As I continue to explore the many features of Cold Waters, the 2017 submarine simulation developed by the Australian game developer Killerfish Games, I have finally gone beyond Training and moved on to Single Mission combat mode. After three days of trying out most of the tutorial missions in the game – which its designers tout as “the spiritual successor” to MicroProse Software’s Red Storm Rising – I decided to test my mettle as a submariner and fought several Quick Mission engagements.
Quick Missions are, quite simply, short battles that players can create by choosing the eponymous option whilst in the Single Mission window in Cold Waters. Here, you can create your own battles in different eras – 1968, 1984, and 2000 – and scenarios – NATO vs. Soviets in the North Atlantic or Red China/Russia vs. the U.S. in the Western Pacific. You can even play as either side if you want.
Because I’m still new at the game, I chose to create scenarios that posed some real danger but were not so difficult that I’d lose my boat within the first five minutes of the engagement.
For my first Quick Mission, I chose to pit a Los Angeles-class (SSN-688) fast attack sub against a small Soviet amphibious group composed of the following:
- A Sverdlov-class light cruiser
- A Kiev-class aircraft carrier
- Two Krivak I-class escorts
- One Ropucha-class landing ship, tank (LST)
- One Alligator-class landing ship, tank (LST)
- Two Andizhan transport ships
- Two Partizan-class cargo ships
- One Grisha III frigate
- One Boris Chilikin-class oiler
I then chose a section of the Baltic Sea near the northern coast of Poland, a late-evening starting time on March 5, 1984, with overcast skies and rough seas to make the game less easy to win. (The rougher the weather, the harder It is for a sub’s sonar to pick up surface targets easily due to the sea state.)
Like in Cold Waters’ spiritual ancestor, Red Storm Rising, the game gives you a chance to check on the status of your boat before you go into battle, so I checked my weapons loadout and made sure my four tubes were loaded like so:
- Mk. 48 torpedo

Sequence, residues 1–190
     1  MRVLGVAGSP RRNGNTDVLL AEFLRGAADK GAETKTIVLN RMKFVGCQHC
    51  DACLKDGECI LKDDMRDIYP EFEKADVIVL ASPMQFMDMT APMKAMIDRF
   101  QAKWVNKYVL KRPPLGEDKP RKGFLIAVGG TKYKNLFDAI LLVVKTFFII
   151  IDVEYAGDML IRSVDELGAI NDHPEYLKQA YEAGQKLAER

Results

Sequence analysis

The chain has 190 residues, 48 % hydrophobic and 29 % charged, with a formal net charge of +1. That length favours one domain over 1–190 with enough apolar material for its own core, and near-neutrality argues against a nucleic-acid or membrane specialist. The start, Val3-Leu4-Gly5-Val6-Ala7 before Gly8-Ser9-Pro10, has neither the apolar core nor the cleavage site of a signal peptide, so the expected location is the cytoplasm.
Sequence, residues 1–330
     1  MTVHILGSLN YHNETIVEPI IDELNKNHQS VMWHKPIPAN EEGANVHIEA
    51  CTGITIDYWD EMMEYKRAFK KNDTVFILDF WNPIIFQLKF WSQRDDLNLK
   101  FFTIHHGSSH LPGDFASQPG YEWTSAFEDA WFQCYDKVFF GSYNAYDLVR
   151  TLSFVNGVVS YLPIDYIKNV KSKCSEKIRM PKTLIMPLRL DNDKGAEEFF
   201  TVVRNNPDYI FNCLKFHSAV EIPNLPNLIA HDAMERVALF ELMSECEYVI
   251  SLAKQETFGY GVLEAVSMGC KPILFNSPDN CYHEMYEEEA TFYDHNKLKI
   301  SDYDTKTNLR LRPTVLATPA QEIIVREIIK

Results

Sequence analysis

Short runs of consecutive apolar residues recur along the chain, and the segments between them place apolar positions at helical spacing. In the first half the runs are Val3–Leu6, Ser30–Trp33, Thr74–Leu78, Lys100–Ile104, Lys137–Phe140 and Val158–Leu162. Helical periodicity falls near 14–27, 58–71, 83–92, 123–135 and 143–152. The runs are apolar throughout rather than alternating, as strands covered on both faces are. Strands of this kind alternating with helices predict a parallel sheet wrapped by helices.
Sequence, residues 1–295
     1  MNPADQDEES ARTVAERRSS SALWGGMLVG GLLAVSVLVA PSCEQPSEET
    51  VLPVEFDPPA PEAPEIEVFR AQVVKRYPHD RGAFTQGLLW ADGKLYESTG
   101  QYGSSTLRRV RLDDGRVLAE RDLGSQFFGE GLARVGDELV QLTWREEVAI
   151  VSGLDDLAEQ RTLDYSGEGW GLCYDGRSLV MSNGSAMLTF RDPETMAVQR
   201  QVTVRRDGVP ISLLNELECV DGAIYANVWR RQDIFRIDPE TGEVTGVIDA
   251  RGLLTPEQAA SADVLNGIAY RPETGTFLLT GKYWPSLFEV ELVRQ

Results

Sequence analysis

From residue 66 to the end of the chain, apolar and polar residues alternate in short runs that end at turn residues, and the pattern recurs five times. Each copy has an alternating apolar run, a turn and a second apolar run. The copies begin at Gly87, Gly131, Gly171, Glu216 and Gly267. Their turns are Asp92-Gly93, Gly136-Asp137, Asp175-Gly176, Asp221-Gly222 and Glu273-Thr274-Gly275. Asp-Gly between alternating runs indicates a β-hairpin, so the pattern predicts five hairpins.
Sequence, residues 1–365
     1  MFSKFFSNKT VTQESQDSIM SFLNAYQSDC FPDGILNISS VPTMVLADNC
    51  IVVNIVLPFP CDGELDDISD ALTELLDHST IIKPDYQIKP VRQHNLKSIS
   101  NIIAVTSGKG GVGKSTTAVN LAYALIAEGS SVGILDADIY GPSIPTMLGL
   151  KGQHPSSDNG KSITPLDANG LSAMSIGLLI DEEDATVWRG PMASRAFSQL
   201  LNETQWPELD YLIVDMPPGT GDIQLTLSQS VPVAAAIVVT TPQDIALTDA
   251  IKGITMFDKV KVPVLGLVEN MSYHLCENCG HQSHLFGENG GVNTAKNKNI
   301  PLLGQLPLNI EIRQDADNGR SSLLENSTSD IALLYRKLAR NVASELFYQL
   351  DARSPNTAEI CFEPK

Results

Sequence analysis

- Mk. 48 torpedo
- UGM-84 Harpoon anti-ship missile (ASM)
- Mk. 48 torpedo
Now, I’m not going to write a long dissertation with a blow-by-blow description of the Battle of the Baltic. Suffice it to say, however, that I applied the lessons that I learned during the Training Scenarios – including how to do a proper target motion analysis (TMA) during the pre-attack approach on a Soviet amphibious group, how to use my sensors properly, how to maneuver my boat whilst avoiding Soviet torpedoes, and how to prioritize damage control parties in the middle of a battle.
My plan was to destroy the invasion task group’s escorts first, then pick off the amphibious landing ships and support vessels at my leisure. This might seem like the common-sense thing to do, because once you eliminate the heavily-armed and aggressive warships you don’t have to worry about having to worry about being detected and destroyed before you even scratch the paint on a Ropucha or Alligator LST.
So, yeah…first I made a stealthy approach to the enemy task force. At a distance of 15,000 yards, I took my boat to periscope depth, raised my ESM and radar masts briefly to get a look at the Soviet convoy, then lowered the masts (they get damaged if you don’t) and dove back to 150 feet. I then fired torpedoes at the most dangerous escorts – the Kiev and the frigates (they’re armed with anti-submarine warfare stuff) – and saved the Sverdlov for “dessert” with the Harpoon missile. (the 14 Sverdlov-class – or Project 68bis, as they were known in the Red Navy – were built as the last all-gun cruisers of the Soviet fleet and thus aren’t too dangerous to attack subs, unlike the Kirov-class battle cruisers, which have deadly ASW missiles).
My plan worked; I sank all of the escorts, but not before the Kiev and a Krivak managed to damage my boat with two torpedo hits that damaged one torpedo tube and forced me to focus on damage control for a while. That didn’t do the Soviet invasion force much good, though. I finished off the warships with torpedoes, then used my Harpoons to annihilate the convoy before it could reach its destination somewhere on the northern coast of West Germany.
I used to employ the same tactics when I played Red Storm Rising, which had graphics that looked pokey in comparison to Cold Waters’ but had many of the same basic tactical concepts, and many of the warships simulated in the 1988 game appear here as well, although they are depicted more realistically in Cold Waters.
Obviously, Cold Waters’ user interface is radically different from Red Storm Rising’s, and the enemy AI is far more cunning and deadlier than in the older game. So even though I did well in my first Quick Mission, I do not think I’m quite ready for the Killerfish Games-scripted battles just yet.
 In United States naval parlance, submarines are never referred to as “ships.” The proper term is “boats.”